CAIRO – Sheikh Ahmed el-Tayeb, the Grand Imam of Al-Azhar, the highest seat of religious learning in the Sunni world, is organizing a world peace conference in Cairo next Friday, to be attended by Pope Francis, Orthodox Ecumenical Patriarch Bartholomew, and Pope Tawadros II, head of the Coptic Orthodox Church.
The conference goal is “to eliminate the causes of conflict, violence and hate,” El-Tayeb was quoted by The Christian Post on Monday, April 24.
The objective of the conference, to be held Thursday and Friday, is to address “a message to the whole world” to “call for peace between religious leaders, between societies and between all the countries of the world,” the office of grand imam of al-Azhar, added according to La Croix.
First proposed in May 2016 during the Vatican visit of Sheikh Ahmed al-Tayeb, the idea of the conference took form following the announcement of Pope Francis’ visit to Egypt.
The conference will take place in Cairo on April 27 – 28.
Al-Azhar has observed that “human society is currently experiencing overwhelming crises threatening our existence and destroying the essence of human life” and the “bloody, armed conflicts” that have resulted “contradict sublime religious values and humanitarian ideals.”
“Considering the expansion of the circle of wars and violence and the rise in terrorism and sectarianism, the voice of reason calls us to do our best to eliminate the causes of suffering and to seek the means of cooperation rather than seeking conflicts…,” the al-Azhar document emphasizes.
“[To] respect instead of rejecting each other, to live in peace instead of fighting, and to tolerate instead of being fanatical.”
The brief program for the pope’s trip to Cairo distributed by the Vatican indicates that the pope will give a speech on Friday, April 28 after the Grand Imam, immediately following his arrival in the Egyptian capital and a “courtesy visit” to the Egyptian President.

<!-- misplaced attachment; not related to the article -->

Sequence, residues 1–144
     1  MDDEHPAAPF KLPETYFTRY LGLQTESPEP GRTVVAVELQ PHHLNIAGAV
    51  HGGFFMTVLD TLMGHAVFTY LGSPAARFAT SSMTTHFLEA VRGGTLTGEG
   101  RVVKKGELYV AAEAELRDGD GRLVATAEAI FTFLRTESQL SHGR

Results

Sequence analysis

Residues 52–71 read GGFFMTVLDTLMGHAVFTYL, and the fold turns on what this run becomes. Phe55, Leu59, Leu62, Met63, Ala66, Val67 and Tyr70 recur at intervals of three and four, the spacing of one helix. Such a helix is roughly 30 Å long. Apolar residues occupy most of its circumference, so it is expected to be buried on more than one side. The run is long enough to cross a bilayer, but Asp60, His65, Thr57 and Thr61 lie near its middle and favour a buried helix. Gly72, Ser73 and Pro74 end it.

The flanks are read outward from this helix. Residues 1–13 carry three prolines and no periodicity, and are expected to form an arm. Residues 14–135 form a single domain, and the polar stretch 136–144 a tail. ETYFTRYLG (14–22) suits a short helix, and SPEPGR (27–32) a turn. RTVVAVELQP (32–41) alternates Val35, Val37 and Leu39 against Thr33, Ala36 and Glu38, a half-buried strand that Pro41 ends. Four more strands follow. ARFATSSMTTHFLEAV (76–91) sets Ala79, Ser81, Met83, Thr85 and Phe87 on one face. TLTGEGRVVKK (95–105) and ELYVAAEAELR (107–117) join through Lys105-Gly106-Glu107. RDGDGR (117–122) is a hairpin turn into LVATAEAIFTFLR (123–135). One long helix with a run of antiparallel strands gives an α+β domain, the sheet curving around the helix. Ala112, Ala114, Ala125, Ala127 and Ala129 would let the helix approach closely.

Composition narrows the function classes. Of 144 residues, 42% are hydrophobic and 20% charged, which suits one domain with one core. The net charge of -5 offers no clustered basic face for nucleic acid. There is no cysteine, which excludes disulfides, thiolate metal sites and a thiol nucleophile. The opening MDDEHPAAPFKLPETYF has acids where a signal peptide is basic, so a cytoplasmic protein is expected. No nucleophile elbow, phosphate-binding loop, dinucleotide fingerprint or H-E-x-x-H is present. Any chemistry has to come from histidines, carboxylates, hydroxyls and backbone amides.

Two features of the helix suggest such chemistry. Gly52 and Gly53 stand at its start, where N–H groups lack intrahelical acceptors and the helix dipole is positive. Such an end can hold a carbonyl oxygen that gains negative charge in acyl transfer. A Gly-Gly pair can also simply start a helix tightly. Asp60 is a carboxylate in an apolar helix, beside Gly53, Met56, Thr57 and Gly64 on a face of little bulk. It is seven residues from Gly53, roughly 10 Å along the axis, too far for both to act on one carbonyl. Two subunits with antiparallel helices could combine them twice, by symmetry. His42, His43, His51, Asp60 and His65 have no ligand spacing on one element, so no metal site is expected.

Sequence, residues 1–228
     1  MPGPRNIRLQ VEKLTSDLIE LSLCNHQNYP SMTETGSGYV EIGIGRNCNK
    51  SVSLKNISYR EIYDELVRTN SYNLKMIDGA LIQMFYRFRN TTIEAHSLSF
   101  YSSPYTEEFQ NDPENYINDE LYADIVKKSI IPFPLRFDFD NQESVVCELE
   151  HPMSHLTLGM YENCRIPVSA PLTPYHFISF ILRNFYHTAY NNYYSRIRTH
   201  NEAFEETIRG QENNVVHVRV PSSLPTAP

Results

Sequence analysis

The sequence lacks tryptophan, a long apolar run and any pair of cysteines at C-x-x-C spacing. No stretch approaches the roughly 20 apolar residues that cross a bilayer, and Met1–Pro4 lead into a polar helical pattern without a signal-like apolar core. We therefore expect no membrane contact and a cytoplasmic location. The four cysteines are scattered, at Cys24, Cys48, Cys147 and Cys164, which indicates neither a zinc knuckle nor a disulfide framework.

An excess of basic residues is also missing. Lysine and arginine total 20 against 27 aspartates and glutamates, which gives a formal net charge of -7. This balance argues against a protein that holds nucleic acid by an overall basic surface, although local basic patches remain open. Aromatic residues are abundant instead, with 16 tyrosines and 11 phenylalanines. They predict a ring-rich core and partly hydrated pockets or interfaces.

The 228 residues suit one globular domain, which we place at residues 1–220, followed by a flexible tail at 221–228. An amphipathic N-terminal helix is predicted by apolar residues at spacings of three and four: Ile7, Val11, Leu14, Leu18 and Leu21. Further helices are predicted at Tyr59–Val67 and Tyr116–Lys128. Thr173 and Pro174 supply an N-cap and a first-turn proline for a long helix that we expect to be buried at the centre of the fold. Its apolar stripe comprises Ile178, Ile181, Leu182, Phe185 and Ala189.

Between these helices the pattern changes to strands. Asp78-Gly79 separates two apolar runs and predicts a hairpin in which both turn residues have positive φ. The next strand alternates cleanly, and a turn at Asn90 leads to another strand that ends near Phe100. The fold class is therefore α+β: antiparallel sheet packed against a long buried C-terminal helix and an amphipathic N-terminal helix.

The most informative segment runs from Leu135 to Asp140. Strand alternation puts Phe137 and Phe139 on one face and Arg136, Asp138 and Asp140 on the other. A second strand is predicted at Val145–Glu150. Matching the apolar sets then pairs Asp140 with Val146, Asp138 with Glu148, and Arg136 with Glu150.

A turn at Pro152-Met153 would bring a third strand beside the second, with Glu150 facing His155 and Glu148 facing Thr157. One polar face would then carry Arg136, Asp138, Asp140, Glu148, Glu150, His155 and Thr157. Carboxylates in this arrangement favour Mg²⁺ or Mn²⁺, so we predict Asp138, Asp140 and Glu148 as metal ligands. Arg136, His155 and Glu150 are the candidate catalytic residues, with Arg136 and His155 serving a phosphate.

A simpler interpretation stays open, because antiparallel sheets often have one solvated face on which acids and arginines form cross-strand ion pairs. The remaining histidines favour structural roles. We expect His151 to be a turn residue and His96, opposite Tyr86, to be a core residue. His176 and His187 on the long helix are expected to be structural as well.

In the view of the Grand Imam of al-Azhar, “peace between those who preach religion” is the key to the future.
In fact, “those who do not possess something cannot transmit it to others”. And this lowering of tensions between religious leaders “may only be realized by mutual recognition”, the Grand Imam continued.
Relations between Muslims and the Vatican strained in 2006 after late pope Benedict quoted a 14th century Byzantine emperor that everything Prophet Muhammad (peace and blessing be upon him) brought was evil and inhuman.
Benedict had repeatedly said the words did not reflect his personal views but stopped short of a clear apology to Muslims.
The pontiff’s remarks had prompted Al-Azhar, the highest seat of learning in the Sunni Muslim world, to halt dialogue with the Vatican.
Relations hit new ebb after the pope said Christians in the Middle East were facing persecution following a church attack in Egypt.
At the time, Al-Azhar said it would cut ties with the Vatican over Benedict’s “repeated treatment of Islam in a negative way.”
Francis, who succeeded Benedict in March 2013, has succeeded in relaxing much of the strained relations.